We met our son and the grandkids at the Oklahoma Zoo for an exciting morning of animal observation. The grandkids love going to the zoo as you can see here. 

 Caleb is really excited about elephants and really got excited about the chance to ride this brass one! The Zoo is really kid friendly and offers many exhibits like this to keep them involved.

 We saw all kinds of animals, including this rhinoceros which is one big critter! We noticed that each animal has a large habitat to live in which must resemble their native area (we assume, since we have never seen a rhino in their native area).

Here we are on the way to the elephant area! The Oklahoma Zoo has recently totally re-built the elephant holding area and is noted as one of the best such areas in the country. 

Sure enough, the walk was worth it. There is now a complete elephant family here at the zoo. The baby shown above was born here a couple years ago. 
We had a great day at the zoo as Abigail and George attest. We were impressed with the zoo and would certainly recommend it to anyone. 

Saturday, May 26, 2012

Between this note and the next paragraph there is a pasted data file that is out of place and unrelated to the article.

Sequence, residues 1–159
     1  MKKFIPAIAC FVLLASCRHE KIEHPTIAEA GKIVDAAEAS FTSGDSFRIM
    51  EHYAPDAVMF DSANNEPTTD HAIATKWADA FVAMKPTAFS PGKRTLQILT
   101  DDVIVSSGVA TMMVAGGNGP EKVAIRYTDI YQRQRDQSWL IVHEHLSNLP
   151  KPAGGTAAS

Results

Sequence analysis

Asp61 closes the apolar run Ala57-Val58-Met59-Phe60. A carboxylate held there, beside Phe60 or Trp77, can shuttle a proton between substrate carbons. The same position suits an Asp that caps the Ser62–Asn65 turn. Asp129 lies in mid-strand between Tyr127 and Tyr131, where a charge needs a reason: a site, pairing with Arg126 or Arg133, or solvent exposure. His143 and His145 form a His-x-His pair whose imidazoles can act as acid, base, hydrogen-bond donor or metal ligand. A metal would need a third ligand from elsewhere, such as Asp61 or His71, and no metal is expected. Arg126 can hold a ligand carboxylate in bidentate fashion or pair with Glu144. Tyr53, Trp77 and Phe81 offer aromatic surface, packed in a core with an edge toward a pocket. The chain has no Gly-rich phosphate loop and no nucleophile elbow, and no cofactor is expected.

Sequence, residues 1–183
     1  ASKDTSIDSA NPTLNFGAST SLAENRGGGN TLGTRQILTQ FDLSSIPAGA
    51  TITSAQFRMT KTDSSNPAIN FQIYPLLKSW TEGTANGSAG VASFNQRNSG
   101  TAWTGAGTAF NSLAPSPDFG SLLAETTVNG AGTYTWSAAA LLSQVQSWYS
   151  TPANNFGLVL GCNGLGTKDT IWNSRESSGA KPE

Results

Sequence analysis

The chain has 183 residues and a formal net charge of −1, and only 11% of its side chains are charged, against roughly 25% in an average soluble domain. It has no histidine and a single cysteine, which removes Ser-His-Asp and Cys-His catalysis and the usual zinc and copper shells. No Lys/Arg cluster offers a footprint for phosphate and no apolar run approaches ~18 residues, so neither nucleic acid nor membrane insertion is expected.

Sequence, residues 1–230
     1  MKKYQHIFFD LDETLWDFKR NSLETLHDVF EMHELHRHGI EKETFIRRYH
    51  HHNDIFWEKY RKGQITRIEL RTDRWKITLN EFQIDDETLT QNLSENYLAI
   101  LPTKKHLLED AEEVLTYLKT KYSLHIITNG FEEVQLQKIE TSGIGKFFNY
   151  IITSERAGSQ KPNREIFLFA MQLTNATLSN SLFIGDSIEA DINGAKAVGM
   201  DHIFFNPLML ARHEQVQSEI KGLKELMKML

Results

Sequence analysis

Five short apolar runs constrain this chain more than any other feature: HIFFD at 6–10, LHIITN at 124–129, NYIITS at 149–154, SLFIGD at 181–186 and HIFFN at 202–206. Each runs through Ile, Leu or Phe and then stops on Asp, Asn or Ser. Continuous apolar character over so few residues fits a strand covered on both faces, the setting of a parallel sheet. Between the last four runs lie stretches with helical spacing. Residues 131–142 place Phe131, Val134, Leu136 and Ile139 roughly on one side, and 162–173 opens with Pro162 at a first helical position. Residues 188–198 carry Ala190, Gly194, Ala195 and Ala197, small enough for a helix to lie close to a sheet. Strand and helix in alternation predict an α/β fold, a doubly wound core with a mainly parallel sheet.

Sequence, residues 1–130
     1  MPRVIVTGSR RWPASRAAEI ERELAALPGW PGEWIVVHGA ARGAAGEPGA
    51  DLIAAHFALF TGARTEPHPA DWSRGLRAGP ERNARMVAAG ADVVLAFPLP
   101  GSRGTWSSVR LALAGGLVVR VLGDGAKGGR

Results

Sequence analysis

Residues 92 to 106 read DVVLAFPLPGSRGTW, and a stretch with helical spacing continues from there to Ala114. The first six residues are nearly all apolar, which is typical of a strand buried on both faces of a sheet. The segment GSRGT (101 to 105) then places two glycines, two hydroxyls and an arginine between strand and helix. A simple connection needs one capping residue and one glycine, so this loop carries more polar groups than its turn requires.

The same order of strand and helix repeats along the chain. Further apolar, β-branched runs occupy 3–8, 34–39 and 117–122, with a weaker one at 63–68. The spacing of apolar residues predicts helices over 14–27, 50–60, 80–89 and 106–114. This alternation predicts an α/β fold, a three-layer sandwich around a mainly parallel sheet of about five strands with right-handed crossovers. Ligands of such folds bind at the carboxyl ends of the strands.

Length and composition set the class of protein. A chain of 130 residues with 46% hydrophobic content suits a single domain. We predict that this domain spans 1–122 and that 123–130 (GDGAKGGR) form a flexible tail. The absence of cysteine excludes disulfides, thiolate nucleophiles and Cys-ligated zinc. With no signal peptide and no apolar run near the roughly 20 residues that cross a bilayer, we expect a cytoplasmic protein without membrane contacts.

Texarkana, - a town with a split personality!

Texarkana is a town that straddles the Arkansas/Texas border. The town was established over 100 years ago and celebrates its interesting issue with regard to the state line. 

One example of this is the Federal Building and post office seen above which is located directly on the state line. Indeed, the flag pole you see above is on the line itself. 

Here Rick is in Texas while Orinda is in Arkansas. We learned that this is the only government building located in two states!

Orinda straddles the two states after she bought some stamps in the Post Office. We learned that the street the building is on is called State Line Avenue with the state line running right down the middle.

 This beautiful monument is the Confederate soldiers monument from the Texas side. The unusual part of this monument is that it also includes the Confederate soldiers mothers as well.